National Guard Member Appreciates Support During Mass Vaccination Deployment


ODOT’s Roldan says “thank you” and helps agency get Patriot Award

Keeping mass vaccination sites running smoothly and ensuring the right staff and resources are in place to provide vaccines around the state requires military-like precision.

Since mid-January, Major Josiah Roldan has been the deputy commander overseeing this logistical feat as part of the Joint Task Force Guardian, which includes about 250 Air and Army National Guard personnel.

“My job is to manage and oversee that whole operation,” said Roldan, who’s been a public health officer for the Oregon Air National Guard for more than 11 years and was a medic in the U.S. Army before that. Roldan is also Employee Safety and Risk Manager at the Oregon Department of Transportation.

“It takes a lot of planning and logistics certainly,” Roldan said. That means talking to people on the ground, including patients going through the clinics in Portland, Salem, and Deschutes County, making sure airmen and soldiers know where and when to report, are paid, and have transportation.

Making a front-line difference

Roldan and Costales talk about the benefits of the National Guards’ work.

 “When we first started the mass vaccination sites,” Roldan said, “as people were getting their shots, it was a sense of relief, especially for those high-risk populations. Getting a vaccine was a lifesaver, literally.”

Some patients at the mass vaccination site, including one considered high-risk who’d been at home for eight months, saw vaccines as tickets to freedom, he added.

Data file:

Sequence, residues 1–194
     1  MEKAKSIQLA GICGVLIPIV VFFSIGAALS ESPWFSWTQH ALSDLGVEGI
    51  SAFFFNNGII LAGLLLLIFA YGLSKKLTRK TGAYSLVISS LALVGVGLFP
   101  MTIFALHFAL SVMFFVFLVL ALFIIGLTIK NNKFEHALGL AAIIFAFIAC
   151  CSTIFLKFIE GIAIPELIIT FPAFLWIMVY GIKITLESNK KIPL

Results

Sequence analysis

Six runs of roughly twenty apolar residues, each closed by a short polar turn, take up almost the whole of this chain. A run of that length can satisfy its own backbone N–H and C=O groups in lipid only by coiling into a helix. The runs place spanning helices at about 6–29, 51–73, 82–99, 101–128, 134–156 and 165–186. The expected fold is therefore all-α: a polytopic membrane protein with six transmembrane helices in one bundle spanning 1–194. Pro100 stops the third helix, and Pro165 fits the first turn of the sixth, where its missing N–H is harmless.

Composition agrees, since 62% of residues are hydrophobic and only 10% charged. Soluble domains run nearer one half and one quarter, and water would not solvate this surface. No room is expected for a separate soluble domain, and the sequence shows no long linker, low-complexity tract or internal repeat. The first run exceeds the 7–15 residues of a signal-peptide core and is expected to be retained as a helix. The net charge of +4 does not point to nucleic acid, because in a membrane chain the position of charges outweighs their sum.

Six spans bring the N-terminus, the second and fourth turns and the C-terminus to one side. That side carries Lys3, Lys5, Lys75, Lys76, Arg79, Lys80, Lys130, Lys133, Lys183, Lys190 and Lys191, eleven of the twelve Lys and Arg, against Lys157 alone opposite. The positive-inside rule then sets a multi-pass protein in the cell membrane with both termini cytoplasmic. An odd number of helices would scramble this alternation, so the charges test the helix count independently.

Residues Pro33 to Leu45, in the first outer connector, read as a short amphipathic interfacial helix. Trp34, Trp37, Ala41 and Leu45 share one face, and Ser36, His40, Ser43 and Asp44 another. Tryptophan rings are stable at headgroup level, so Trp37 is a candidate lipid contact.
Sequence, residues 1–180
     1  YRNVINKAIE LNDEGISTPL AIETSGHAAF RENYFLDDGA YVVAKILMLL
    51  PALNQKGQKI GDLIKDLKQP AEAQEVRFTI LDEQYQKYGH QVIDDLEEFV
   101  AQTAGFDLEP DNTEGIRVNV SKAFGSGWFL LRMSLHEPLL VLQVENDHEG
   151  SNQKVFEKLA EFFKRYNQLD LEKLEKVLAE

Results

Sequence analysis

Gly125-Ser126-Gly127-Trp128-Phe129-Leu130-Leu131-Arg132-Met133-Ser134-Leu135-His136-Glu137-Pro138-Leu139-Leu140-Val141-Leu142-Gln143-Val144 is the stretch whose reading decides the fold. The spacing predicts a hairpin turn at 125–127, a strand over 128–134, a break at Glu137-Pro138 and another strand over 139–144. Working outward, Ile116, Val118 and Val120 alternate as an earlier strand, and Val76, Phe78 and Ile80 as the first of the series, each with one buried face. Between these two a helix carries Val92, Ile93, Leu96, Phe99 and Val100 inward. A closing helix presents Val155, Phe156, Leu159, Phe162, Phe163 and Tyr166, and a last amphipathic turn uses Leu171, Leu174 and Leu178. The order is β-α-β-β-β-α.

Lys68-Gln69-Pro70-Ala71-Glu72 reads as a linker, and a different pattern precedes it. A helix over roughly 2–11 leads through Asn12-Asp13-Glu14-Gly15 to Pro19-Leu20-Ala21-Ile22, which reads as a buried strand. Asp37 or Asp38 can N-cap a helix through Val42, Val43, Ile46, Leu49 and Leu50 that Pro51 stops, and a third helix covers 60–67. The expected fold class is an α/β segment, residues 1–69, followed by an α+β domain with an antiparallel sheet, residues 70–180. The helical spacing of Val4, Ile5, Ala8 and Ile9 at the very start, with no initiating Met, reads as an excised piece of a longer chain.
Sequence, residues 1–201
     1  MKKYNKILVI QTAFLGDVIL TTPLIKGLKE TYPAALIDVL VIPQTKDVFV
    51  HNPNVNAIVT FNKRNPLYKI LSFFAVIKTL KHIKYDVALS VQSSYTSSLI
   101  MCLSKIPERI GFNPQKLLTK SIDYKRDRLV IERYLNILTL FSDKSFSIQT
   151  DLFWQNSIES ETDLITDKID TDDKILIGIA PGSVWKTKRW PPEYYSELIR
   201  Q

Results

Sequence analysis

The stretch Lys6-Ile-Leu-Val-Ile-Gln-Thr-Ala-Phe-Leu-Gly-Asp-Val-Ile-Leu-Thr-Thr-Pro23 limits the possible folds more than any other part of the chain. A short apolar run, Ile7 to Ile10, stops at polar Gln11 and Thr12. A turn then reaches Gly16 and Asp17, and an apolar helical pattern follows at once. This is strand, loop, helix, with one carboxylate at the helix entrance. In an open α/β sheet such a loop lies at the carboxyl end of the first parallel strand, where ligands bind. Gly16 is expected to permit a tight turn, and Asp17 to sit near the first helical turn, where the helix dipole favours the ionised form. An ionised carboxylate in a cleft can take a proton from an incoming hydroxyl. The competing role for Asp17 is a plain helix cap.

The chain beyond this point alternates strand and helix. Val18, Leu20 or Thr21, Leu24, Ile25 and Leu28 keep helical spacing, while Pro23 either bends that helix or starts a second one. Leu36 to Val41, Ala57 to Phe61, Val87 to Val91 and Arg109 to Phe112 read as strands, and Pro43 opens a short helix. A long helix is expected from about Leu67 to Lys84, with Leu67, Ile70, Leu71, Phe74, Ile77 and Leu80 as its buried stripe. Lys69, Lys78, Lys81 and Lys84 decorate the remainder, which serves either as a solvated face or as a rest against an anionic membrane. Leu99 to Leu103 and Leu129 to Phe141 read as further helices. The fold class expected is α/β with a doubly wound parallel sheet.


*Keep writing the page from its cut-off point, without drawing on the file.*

”Just seeing the impact we have and being able to give vaccines to so many people and hopefully getting the COVID-19 pandemic behind us, I think that’s truly what’s important to me,” Roldan said. “We are part of something big here; we are in the spearhead of putting COVID-19 behind us.”

Nationally, the Guard had administered more than 6 million vaccine shots by early April, according to a news release. By mid-April, Guard personnel in Oregon had administered more than 168,000 shots.

Thanking his supporters

This is Roldan’s longest deployment and he said it wouldn’t be possible without the support he gets from the agency, his boss, and his coworkers. He hadn’t been with us in his new position very long when he learned he was being called up – and he only had a few days to prepare.

“I just really want to thank Troy (Costales) and my coworkers and ODOT in general,” Roldan said. “I wouldn’t be able to do what I’m doing now without their support.”

Roldan nominated Costales, ODOT’s Transportation Safety Division administrator, for a Patriot Award from the Employer Support of the Guard and Reserve and was on hand as Costales accepted it in early April at the Oregon National Guard’s Anderson Readiness Center in Salem.

Costales said the real kudos should go to Roldan.

 “Josiah is a person of great integrity and great value,” Costales said. “He’s gracious and puts people in front of himself and he shows that by putting on the uniform as part of the National Guard.”

Roldan, a third-generation service member, sees any deployment as an opportunity to learn and share the skills he uses each day at ODOT, including building relationships and developing rapport with a wide array of coworkers.

 “This is a unique experience for all of us as a military and national guardsman,” Roldan said. “I think it just shows how important our roles are in being able to give back to the community.”

Read more from ODOT, here.

About Author

Katherine Benenati joined ODOT as Assistant Communications Manager in July 2019. Previously she served as a public information officer at the Oregon Department of Environmental Quality and the chief of the Public Outreach and Assistance Division at the Arkansas Department of Environmental Quality. Before moving to public affairs, she worked as an editor and reporter at newspapers in Maryland, California and Arkansas.

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